massage comprising the steps of supporting the body
RS (right arm and shoulder), LS (left arm and shoul
localized areas within the same surface vibrating at a
upon a surface having a consistency comparable to
der), RL (right leg), LL (left leg), HS (hip and tip of
spine), RH (right side of hips), LH (left side of hips),
human ?esh and vibrating the support at out-of-phase
frequencies to provide surges of impressed Vibrations to 60 B (lumbar region), H (thoracic region), and F (feet).
Members 46' shown on opposite sides of the area F
the body supporting surface.
function to support the pad 22 upon opposite sides of
These and other objects and advantages of the inven
the area F which support the feet.
tion will appear from the following speci?cation and
The members 46, 46’ are supported from the members
claims.
65
28, 3t}, 40, 42, 44 and 45 of the frame 26 through springs
In the drawings,
48 which may correspond in form and mounting to the
FIG. 1 is a plan view of a table taken from below,
FIG. 2 is a side-elevational view of FIG. 1,
FIG. 3 is a diagrammatic layout showing the vibrat
ing members removed from the table frame,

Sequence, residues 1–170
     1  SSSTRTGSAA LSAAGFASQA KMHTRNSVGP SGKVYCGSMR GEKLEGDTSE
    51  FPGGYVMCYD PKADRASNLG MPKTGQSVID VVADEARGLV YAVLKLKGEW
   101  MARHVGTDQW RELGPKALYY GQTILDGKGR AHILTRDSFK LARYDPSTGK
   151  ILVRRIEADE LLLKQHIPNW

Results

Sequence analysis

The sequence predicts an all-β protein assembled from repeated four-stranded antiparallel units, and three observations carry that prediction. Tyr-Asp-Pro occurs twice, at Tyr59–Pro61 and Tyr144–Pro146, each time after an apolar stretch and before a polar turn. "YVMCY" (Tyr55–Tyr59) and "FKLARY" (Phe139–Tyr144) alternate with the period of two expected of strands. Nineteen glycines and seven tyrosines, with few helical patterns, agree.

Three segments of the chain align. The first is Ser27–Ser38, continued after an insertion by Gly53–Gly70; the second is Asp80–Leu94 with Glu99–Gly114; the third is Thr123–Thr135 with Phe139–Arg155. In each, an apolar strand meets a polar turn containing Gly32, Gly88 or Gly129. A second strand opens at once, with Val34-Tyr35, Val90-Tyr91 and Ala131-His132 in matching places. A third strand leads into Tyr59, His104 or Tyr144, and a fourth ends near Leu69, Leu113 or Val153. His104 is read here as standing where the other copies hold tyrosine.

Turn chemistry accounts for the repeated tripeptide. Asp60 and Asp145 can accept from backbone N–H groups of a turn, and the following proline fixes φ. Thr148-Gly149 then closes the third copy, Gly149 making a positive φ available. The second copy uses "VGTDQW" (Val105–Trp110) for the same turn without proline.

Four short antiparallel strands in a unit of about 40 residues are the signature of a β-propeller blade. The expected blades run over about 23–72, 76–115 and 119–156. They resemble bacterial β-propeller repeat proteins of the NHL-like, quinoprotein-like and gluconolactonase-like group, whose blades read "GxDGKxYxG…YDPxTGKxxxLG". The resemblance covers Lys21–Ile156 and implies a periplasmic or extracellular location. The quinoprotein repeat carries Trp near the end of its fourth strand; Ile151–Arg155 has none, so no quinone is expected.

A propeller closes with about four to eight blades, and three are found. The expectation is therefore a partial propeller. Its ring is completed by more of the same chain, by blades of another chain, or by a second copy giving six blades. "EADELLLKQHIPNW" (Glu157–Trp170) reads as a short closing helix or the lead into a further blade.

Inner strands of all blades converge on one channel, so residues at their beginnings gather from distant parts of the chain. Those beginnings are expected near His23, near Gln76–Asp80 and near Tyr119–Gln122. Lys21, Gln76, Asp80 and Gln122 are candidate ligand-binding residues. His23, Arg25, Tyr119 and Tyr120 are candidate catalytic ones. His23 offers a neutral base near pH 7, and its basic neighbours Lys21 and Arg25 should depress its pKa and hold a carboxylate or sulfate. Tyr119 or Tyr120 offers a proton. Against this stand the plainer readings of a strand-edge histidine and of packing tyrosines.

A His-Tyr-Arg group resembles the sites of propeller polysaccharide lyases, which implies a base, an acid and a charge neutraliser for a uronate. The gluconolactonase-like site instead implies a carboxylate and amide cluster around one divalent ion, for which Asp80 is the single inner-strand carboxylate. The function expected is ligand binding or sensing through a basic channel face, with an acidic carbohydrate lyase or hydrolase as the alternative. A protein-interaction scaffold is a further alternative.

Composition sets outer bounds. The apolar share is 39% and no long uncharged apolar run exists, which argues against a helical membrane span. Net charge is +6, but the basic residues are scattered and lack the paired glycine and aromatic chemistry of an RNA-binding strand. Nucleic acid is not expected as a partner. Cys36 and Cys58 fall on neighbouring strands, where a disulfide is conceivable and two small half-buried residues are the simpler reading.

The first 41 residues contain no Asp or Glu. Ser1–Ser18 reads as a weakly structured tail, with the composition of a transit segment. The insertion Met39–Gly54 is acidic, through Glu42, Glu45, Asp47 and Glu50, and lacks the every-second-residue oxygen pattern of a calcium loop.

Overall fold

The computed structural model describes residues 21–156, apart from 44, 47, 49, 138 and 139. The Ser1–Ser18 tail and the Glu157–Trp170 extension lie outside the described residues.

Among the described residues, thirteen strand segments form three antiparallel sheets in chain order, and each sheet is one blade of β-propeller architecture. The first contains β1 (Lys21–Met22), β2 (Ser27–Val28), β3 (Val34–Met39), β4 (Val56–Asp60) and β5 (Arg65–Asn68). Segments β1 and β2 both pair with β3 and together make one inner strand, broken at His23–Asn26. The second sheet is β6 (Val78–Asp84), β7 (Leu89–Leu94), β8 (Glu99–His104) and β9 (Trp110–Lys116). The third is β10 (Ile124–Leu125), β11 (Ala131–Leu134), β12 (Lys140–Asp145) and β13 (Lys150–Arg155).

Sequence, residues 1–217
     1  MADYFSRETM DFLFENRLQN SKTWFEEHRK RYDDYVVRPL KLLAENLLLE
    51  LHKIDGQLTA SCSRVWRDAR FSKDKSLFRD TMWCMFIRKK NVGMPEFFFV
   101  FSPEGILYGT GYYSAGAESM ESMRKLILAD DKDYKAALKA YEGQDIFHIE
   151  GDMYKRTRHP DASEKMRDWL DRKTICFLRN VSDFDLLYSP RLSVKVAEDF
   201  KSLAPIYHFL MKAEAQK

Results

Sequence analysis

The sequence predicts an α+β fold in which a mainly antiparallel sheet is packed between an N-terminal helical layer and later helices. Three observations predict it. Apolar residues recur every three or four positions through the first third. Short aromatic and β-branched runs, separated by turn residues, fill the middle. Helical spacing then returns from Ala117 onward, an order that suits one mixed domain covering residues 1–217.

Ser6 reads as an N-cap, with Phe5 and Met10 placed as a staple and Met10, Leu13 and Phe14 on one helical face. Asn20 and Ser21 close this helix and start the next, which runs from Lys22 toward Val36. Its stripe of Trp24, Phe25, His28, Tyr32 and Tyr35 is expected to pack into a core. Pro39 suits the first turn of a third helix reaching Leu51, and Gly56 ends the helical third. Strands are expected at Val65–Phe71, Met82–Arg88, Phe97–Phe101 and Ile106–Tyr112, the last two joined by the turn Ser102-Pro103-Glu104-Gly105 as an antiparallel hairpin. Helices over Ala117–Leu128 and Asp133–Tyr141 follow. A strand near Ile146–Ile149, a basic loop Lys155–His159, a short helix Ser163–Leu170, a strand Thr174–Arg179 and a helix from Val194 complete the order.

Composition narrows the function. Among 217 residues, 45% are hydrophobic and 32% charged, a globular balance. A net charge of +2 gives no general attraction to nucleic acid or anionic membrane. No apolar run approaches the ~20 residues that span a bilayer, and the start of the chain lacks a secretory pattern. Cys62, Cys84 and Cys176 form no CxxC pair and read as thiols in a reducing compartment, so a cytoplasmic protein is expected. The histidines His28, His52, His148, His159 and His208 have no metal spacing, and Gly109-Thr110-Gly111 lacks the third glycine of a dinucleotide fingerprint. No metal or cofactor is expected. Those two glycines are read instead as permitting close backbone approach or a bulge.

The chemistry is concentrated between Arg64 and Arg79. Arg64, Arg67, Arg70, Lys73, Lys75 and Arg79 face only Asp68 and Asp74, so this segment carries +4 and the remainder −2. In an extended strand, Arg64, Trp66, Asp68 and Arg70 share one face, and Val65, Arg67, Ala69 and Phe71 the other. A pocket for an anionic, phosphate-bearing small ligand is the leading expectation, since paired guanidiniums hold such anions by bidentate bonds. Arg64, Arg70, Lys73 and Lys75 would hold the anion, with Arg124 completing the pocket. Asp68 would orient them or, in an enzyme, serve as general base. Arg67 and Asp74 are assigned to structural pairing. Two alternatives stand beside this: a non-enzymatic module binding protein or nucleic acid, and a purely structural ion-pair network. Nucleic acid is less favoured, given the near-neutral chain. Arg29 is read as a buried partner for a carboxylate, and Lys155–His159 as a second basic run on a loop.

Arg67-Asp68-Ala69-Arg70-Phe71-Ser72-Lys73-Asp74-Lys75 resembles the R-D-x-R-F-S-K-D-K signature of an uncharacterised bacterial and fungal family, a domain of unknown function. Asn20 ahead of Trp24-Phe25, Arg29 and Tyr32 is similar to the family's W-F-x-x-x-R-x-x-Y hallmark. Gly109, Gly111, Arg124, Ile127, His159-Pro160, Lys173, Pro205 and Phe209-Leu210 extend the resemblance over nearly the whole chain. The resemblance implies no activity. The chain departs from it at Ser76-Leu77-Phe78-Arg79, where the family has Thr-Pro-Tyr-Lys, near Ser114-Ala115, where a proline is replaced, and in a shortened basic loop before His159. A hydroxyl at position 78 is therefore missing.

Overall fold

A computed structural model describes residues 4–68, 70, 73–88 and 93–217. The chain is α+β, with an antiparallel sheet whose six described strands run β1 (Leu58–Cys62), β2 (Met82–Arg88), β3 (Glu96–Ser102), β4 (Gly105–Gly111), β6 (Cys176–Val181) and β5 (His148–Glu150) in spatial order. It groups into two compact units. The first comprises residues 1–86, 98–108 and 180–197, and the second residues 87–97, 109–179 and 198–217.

FIG. 4 is a perspective view of an eccentric weight
shown removed from the motor shaft,
spring 34. In FIG. 8 the manner in which the members
46, 46’ are attached to the upper end eye of the springs
70 48 is clearly shown.
For providing general vibration of the pad 22 solely
through vibration of the frame 26, an electric motor 50
3,064,642
4
is shown in FIG. 5 mounted from the cross member 42
of the frame 26. Rotor shaft 52 of the motor '50 is
sponge rubber or foamed plastic of the desired con
sistency.
26 on the springs 34. This vibration is transmitted
through the springs 48 to the members 46, 46' and hence
FIG. 9 is a diagrammatic showing, illustrating the
gyration of the members 46 in their relationship to the
pad 22 and the frame 26. With the members 46 mar
ginally supported on the springs 48 and the motors'50'
to the pad 22.
depending from the pair of springs 56, the out-of-balance
shown unbalanced by oif center weights 54 attached